Phosphorus is an important element in phospholipids that form cell walls that can decay and disperse.

P in DNA

Cell DNA contains phosphate groups that can also be recycled into the environment.

AB Ag has found that the concentration of nutrients in the top few centimetres of soil is also an important source of available N and P in runoff into streams and water bodies. So is manure that is stored for use or dispersed on the land as nutrient-rich fertilizer. Typically, nutrient levels are the highest in spring runoff, then drop as the ground warms up and plants grow, trap, and retain N and P. The next graph shows SLWSS results from water quality sampling of Golf Course Creek in 2014 that confirm the AB Ag finding. Data from other Sylvan Lake tributaries follow the same pattern. The lowest N and P concentrations in those streams have always been above those measured in Sylvan Lake and summarized by ALMS in Lakewatch reports. So the natural nutrient cycle on agricultural and forested watershed land loads the lake with nutrients on an annual cycle.

N and P in GCC

SLWSS water quality sampling results for Golf Course Creek in 2014. High levels of N and P were found in Spring runoff. Nutrient concentrations through the summer remained above those observed in the lake itself.

The element phosphorus is often the critical limiting factor that controls the trophic state of lakes. Sylvan Lake’s long term average Total Phosphorus analysis of 21 micrograms per litre keeps the lake in a meso-eutrophic state with typically low chlorophyll-a concentrations associated with suspended plant matter. Algal blooms have been rare. The watershed community counts on it staying that way. That is why AB Ag’s application of field research findings and modeling studies into practical best management practices are important. Phosphorus is better fertilizing plants on watershed land than algae and plants growing in Sylvan Lake.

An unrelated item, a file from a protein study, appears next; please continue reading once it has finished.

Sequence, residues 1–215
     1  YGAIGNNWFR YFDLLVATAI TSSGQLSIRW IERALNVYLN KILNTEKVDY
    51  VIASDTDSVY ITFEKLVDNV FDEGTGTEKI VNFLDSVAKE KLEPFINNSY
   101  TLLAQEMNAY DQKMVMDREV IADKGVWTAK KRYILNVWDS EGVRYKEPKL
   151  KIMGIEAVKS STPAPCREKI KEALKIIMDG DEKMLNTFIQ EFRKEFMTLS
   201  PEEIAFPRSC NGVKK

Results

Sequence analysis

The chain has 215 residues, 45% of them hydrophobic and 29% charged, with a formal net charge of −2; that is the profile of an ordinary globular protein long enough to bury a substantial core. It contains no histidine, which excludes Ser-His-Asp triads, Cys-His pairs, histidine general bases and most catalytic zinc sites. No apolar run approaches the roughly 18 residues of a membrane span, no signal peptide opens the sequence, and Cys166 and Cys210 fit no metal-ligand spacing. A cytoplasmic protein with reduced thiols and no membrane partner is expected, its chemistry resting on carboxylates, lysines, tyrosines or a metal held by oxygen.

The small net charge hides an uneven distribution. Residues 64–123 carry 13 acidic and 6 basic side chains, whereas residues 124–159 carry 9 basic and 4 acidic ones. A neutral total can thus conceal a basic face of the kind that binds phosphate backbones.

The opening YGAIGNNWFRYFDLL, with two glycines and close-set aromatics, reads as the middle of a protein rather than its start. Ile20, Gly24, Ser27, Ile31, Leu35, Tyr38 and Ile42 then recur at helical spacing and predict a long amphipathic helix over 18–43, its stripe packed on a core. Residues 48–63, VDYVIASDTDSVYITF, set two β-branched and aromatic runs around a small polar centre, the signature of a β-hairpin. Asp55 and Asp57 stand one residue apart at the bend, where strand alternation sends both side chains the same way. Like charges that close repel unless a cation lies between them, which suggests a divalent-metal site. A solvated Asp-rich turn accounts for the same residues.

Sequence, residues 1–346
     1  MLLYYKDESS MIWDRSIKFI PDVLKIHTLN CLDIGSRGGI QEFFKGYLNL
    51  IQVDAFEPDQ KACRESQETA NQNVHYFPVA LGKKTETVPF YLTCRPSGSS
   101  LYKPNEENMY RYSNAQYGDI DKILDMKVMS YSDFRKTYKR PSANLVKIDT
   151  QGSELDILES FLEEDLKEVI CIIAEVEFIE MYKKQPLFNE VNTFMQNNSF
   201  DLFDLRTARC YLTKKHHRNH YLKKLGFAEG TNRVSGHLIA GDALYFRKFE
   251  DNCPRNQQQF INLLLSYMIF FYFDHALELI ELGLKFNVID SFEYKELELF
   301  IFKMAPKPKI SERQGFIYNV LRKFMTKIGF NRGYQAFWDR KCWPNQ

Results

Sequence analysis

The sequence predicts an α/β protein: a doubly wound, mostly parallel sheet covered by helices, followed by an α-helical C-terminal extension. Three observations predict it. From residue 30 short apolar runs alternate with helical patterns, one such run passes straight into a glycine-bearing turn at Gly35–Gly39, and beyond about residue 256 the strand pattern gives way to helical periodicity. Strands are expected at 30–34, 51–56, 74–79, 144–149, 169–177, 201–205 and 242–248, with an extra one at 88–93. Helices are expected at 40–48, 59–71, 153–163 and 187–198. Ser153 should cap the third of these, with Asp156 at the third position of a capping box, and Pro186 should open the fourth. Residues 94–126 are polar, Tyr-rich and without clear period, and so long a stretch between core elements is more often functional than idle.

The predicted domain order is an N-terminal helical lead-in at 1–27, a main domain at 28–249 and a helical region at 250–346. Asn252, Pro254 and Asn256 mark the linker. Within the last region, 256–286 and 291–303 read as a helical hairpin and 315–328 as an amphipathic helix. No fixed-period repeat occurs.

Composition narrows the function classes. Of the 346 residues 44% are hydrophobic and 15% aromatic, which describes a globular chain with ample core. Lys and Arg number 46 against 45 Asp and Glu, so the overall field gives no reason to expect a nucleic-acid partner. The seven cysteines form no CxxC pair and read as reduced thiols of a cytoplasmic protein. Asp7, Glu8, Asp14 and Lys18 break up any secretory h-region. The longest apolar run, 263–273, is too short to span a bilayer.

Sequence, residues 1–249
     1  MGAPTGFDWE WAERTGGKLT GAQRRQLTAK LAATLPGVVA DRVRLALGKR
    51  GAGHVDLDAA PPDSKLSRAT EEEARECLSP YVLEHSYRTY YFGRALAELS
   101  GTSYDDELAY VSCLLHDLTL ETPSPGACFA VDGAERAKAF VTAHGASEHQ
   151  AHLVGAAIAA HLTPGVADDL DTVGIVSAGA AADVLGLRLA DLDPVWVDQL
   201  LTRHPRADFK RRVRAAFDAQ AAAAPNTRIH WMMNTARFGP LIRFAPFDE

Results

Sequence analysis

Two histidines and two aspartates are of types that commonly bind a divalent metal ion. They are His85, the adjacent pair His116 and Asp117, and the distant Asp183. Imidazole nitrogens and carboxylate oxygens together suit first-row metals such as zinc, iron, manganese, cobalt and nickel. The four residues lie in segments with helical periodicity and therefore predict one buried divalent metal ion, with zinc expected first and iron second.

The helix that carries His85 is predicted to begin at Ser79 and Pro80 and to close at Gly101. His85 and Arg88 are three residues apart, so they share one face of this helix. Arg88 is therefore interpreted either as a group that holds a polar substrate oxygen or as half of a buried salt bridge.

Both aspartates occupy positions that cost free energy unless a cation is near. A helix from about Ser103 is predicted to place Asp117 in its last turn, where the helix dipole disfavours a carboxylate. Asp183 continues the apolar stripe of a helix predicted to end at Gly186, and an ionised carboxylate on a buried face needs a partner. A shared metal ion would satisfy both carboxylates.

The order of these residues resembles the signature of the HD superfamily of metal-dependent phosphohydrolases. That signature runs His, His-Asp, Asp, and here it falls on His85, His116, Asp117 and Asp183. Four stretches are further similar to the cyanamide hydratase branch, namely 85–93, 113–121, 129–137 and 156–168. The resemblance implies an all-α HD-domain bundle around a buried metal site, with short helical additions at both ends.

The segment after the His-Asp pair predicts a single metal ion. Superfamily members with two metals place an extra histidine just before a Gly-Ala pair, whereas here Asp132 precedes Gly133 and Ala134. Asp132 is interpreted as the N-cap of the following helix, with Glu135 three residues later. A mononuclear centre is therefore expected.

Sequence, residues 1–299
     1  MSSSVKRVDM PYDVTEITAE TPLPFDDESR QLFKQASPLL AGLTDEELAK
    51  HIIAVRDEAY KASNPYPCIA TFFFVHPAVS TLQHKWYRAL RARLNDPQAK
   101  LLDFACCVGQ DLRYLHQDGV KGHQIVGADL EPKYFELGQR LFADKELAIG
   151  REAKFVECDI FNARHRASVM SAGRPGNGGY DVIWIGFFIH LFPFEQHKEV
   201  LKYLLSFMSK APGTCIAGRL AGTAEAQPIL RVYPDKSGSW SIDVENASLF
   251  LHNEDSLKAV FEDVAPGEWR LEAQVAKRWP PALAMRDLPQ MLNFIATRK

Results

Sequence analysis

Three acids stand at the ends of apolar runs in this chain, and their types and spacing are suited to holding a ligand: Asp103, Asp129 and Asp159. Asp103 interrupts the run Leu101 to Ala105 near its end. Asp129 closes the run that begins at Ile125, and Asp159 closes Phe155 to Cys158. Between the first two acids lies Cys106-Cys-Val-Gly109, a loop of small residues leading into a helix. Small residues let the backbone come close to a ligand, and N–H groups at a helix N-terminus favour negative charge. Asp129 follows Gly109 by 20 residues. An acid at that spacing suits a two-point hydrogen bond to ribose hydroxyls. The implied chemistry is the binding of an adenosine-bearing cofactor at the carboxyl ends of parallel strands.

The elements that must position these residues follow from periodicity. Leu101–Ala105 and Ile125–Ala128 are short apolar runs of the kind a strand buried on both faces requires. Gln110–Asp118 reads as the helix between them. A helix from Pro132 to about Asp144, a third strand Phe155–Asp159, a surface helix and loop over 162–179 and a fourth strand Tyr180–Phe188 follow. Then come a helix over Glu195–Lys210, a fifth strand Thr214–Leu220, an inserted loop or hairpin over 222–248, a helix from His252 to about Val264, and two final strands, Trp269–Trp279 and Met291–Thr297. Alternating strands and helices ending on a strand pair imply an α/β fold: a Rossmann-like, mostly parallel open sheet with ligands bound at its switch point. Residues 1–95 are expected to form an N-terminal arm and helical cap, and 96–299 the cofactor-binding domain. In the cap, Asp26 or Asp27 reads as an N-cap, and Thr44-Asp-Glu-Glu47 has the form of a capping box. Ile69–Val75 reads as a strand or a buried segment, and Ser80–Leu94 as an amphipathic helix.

Instead of presenting a technical review of the excellent experimental and modeling nutrient transport work of AB Ag, the department’s publications can speak for themselves. Here is an introduction to a few that illustrate the scope and caliber of that research. Reports on three field studies:

are complemented by a fact sheet, a link to the very important Soil Phosphorus Limits Project web page, and a Phosphorus Sources and Sinks analysis:

The latest AB Ag approach to analyzing nutrient transport in Alberta watersheds will soon be available in a series of reports that will be posted on an Alberta Agriculture and Forestry publications web page. This post will be updated when those documents are approved for release.